The government approach to such deprivation looked more like thoughtless containment than anything else.

New Orleans under water
It will be many weeks before the flood waters are cleared

The nightly shootings and drugs-related homicides of recent years pointed to a small but vicious culture of largely black-on-black crime that everyone knew existed, but no-one seemed to have any real answers for.

Again, no-one wanted to pick up the bill or deal with the realities of race relations in the 21st Century.

Too often in the so-called "New South", they still look positively 19th Century.

"Shoot the looters" is good rhetoric, but no lasting solution.

Uneasy paradox

It is astonishing to me that so many Americans seem shocked by the existence of such concentrated poverty and social neglect in their own country.

In the workout room of the condo where I am currently staying in the affluent LA neighbourhood of Santa Monica, an executive and his personal trainer ignored the anguished television reports blaring above their heads on Friday evening.

Either they did not care, or it was somehow too painful to discuss.

When President Bush told "Good Morning America" on Thursday morning that nobody could have "anticipated" the breach of the New Orleans levees, it pointed to not only a remote leader in denial, but a whole political class.

The uneasy paradox which so many live with in this country - of being first-and-foremost rugged individuals, out to plunder what they can and paying as little tax as they can get away with, while at the same time believing that America is a robust, model society - has reached a crisis point this week.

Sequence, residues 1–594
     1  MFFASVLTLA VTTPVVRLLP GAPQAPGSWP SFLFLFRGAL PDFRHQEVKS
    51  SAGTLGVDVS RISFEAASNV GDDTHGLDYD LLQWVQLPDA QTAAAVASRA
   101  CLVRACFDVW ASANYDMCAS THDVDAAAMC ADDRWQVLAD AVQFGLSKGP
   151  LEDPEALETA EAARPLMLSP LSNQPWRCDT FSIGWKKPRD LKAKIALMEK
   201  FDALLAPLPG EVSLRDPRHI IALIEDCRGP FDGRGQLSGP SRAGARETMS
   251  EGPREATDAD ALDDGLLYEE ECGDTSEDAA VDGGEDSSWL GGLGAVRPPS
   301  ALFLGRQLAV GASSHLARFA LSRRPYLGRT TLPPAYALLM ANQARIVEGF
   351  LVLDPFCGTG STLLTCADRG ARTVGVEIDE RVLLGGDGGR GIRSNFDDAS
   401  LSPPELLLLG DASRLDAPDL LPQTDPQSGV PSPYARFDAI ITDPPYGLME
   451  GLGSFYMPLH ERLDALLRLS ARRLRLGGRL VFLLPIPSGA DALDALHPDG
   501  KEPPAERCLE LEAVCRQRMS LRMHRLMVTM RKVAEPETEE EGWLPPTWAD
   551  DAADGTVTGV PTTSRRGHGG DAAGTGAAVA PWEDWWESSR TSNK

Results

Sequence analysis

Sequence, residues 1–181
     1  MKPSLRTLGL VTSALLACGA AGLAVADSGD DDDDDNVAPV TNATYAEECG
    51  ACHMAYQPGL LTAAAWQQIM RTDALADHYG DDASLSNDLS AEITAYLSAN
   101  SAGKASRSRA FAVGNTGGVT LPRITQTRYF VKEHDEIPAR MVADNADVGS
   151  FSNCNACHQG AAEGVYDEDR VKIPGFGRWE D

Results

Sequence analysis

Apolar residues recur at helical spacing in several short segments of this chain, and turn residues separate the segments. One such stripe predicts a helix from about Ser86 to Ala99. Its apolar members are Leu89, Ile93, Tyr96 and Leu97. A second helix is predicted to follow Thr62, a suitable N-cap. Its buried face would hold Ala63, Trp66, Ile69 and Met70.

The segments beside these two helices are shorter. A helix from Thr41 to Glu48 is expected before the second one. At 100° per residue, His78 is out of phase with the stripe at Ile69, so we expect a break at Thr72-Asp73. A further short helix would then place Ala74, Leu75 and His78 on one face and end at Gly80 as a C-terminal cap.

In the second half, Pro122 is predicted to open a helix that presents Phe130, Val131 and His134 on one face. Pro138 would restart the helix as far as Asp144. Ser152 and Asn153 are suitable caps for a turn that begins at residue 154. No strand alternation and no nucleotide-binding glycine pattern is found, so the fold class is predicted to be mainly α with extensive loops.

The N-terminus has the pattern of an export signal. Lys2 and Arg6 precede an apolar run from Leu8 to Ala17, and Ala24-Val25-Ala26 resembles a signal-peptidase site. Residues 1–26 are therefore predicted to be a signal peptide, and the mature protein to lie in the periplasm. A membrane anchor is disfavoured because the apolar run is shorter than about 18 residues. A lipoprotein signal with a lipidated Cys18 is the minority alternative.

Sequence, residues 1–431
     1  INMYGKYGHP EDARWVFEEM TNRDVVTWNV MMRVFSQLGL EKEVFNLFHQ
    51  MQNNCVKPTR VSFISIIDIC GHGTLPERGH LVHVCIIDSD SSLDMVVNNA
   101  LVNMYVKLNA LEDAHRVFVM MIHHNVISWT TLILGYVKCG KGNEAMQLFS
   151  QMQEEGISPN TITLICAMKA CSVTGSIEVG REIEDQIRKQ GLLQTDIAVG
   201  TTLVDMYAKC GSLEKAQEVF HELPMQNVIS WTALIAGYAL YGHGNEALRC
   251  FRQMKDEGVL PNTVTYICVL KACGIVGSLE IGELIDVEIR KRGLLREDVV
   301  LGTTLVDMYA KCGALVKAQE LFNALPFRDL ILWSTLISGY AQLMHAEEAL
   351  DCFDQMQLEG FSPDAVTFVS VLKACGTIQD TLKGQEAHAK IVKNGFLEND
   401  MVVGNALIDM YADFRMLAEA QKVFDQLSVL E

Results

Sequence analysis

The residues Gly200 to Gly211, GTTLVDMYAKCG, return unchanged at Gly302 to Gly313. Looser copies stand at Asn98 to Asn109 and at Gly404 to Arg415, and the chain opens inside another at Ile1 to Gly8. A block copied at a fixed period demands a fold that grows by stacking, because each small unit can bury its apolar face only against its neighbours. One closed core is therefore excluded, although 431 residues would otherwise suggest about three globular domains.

Will there be real investment, or just more buck-passing between federal agencies and states?

The country has to choose whether it wants to rebuild the levees and destroyed communities, with no expense spared for the future - or once again brush off that responsibility, and blame the other guy.


Do you agree or disagree, send your comments on the story using the form below.

It disgusts me to think that my 'brother and sisters' in New Orleans have been ignored and discarded by the US government like so much trash that no line the streets of this once beautiful city. I am embarrassed it took so long to get help to people only eight hours away.
Lara Tosh, Nashville, Tennessee

I don't blame anyone for the tragedies of nature
David Augustine, Mendham, NJ
This article is so wrong-headed, it is hard to even begin to criticize it in a short space, other than to say it is written by an anti-Bush foreigner who has little understanding of America. Bush was right: no-one could have predicted when this devastating storm would hit. I don't blame anyone for the tragedies of nature.
David Augustine, Mendham, NJ

I completely agree with the article. What has been going through my mind this past week is that the crisis did seem political, racial, and I am disgusted. It's unconscionable that after an entire coastline was just destroyed, while New Orleans began to drown, the President was making fundraising speeches in California on Tuesday. As president, elected to serve the people of this country, why didn't he stop everything and call out the help those people needed immediately?
Lori Thoma, Reno, Nevada

My sympathy to fellow Americans sufferings from this natural disaster. The most advanced nation on earth and unable to response soon. A political disaster too. Mr Bush: time to wake up and cut red tape. More action and less talk.
D Sharma, Antwerp, Belgium

Shame on anyone that makes this tragedy political, socio-economic or racial. The US Government, both Federal and local; and individuals, failed both before and after the storm to react in a timely organised manner. We need to fix it and we need to help the survivors, but we are not going to build a wall around coastal US to prevent a category five storm surge from causing damage. And in the land of opportunity and personal responsibility the individual is ultimately accountable.